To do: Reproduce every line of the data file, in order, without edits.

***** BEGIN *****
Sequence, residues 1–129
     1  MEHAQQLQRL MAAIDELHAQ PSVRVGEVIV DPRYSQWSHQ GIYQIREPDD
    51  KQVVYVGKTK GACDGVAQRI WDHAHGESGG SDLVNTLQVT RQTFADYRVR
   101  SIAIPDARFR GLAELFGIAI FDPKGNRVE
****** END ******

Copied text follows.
Sequence, residues 1–129
     1  MEHAQQLQRL MAAIDELHAQ PSVRVGEVIV DPRYSQWSHQ GIYQIREPDD
    51  KQVVYVGKTK GACDGVAQRI WDHAHGESGG SDLVNTLQVT RQTFADYRVR
   101  SIAIPDARFR GLAELFGIAI FDPKGNRVE